PAK HEON-YEONG (1900–1956). Pak Heon-yeong was a communist activist who played a major role in the establishment of the Korean Communist Party (KCP) in 1925 and became the leader of the revived party after 1945. Based in Seoul, he fled north in 1946 and, with other South Korean communists, joined forces with Kim Il Sung. Kim distrusted him, however, and he was purged, tried in 1955, and probably executed in 1956. Pak was born in South Chungcheong Province in southern Korea. He studied in Seoul and Tokyo and in 1921 went to Shanghai. There he became involved with Korean communists from the Soviet Union. In 1922, he was arrested and imprisoned when he tried to enter Korea. He remained active in left-wing circles on his release, and in April 1925 was one of the founders of the KCP and the Korean Communist Youth League. When the KCP collapsed in November 1925, Pak was again arrested and imprisoned by the Japanese. When released in 1928, he went to the Soviet Union. He then returned to Shanghai, where he was again arrested in 1933 and sent back to Korea. He remained in prison until 1939. On release, he disappeared from public view, spending most of the war years as an ordinary worker, to avoid further arrest.
After the defeat of the Japanese, he reemerged and again went to Seoul, where he revived the KCP in September 1945, becoming party chairman. But the United States Military Government was increasingly hostile to the KCP, especially when it opposed the idea of trusteeship, and in September 1946, faced with a warrant for his arrest, Pak and a number of his colleagues fled to North Korea. Pak and his “domestic faction” of South Koreans were accepted by Kim Il Sung, and when the Democratic People’s Republic of Korea was established in September 1948, Pak became a vice premier and minister of foreign affairs. The following year, he became a vice chairman of the Korean Workers’ Party (KWP), and on the outbreak of the Korean War in June 1950, a member of the KWP’s Military Affairs Committee.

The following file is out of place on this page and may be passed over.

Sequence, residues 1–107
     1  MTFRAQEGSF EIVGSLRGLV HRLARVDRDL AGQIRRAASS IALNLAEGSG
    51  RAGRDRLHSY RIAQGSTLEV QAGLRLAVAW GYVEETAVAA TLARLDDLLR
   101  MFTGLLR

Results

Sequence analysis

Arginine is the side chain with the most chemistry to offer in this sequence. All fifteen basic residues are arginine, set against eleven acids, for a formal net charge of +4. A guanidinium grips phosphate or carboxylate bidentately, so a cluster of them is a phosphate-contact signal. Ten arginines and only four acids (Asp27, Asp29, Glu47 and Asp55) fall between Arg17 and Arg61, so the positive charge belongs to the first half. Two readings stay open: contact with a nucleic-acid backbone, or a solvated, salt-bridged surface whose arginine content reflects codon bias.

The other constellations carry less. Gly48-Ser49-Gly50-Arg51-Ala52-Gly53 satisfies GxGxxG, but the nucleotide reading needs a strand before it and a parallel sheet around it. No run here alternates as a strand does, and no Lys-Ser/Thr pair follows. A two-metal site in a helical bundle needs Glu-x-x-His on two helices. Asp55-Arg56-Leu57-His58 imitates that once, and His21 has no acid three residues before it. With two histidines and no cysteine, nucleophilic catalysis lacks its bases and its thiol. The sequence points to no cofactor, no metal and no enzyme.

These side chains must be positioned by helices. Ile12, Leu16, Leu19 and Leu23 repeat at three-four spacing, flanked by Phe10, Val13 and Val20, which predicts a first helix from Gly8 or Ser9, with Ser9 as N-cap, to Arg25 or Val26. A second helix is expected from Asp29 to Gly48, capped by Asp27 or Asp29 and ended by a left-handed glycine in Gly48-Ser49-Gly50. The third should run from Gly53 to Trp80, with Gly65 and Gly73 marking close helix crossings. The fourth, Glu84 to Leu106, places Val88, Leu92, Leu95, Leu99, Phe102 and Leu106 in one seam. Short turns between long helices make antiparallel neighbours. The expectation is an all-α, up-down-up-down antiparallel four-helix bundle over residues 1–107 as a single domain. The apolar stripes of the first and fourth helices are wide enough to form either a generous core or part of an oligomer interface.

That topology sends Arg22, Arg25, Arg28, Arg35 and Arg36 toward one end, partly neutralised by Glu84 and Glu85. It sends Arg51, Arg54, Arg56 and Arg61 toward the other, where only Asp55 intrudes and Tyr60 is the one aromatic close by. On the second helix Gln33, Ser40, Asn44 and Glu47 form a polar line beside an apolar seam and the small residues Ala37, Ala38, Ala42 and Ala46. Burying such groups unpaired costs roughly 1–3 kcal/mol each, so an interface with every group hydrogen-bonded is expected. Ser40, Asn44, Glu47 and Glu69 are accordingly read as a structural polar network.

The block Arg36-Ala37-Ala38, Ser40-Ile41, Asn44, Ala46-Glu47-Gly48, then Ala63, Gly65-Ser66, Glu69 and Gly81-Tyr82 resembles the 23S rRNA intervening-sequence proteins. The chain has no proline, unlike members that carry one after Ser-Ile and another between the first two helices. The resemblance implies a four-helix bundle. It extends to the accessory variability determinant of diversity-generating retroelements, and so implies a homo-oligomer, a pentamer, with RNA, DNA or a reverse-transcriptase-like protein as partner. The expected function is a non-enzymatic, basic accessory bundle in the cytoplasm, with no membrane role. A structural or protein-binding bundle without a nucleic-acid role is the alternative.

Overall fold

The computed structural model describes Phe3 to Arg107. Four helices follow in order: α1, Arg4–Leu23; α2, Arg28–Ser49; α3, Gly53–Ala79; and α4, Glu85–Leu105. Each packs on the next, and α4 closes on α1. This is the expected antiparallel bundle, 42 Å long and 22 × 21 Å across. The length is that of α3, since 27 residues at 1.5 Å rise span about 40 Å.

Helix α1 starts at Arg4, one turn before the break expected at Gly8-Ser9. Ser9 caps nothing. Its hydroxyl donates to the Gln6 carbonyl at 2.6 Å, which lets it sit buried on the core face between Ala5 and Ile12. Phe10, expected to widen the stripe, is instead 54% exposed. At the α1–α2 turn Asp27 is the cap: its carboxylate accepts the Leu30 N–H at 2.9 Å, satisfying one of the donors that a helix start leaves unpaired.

Immediately after the signing of the Armistice Agreement in July 1953, Pak was arrested along with most of his associates. There are reports that he had claimed that the southern population would rise up to support a northern invasion, and that he had been blamed when this failed to happen. Those accused with him were tried and executed in August 1953 on charges of treason and spying, but Pak did not go on trial until December 1955. He then faced similar charges to his former companions, with allegations that he had worked closely with the American missionary Horace H. Underwood and that he had been plotting to seize power. He admitted all charges, was sentenced to death in December 1955. He was probably executed in 1956, although this has never been confirmed.
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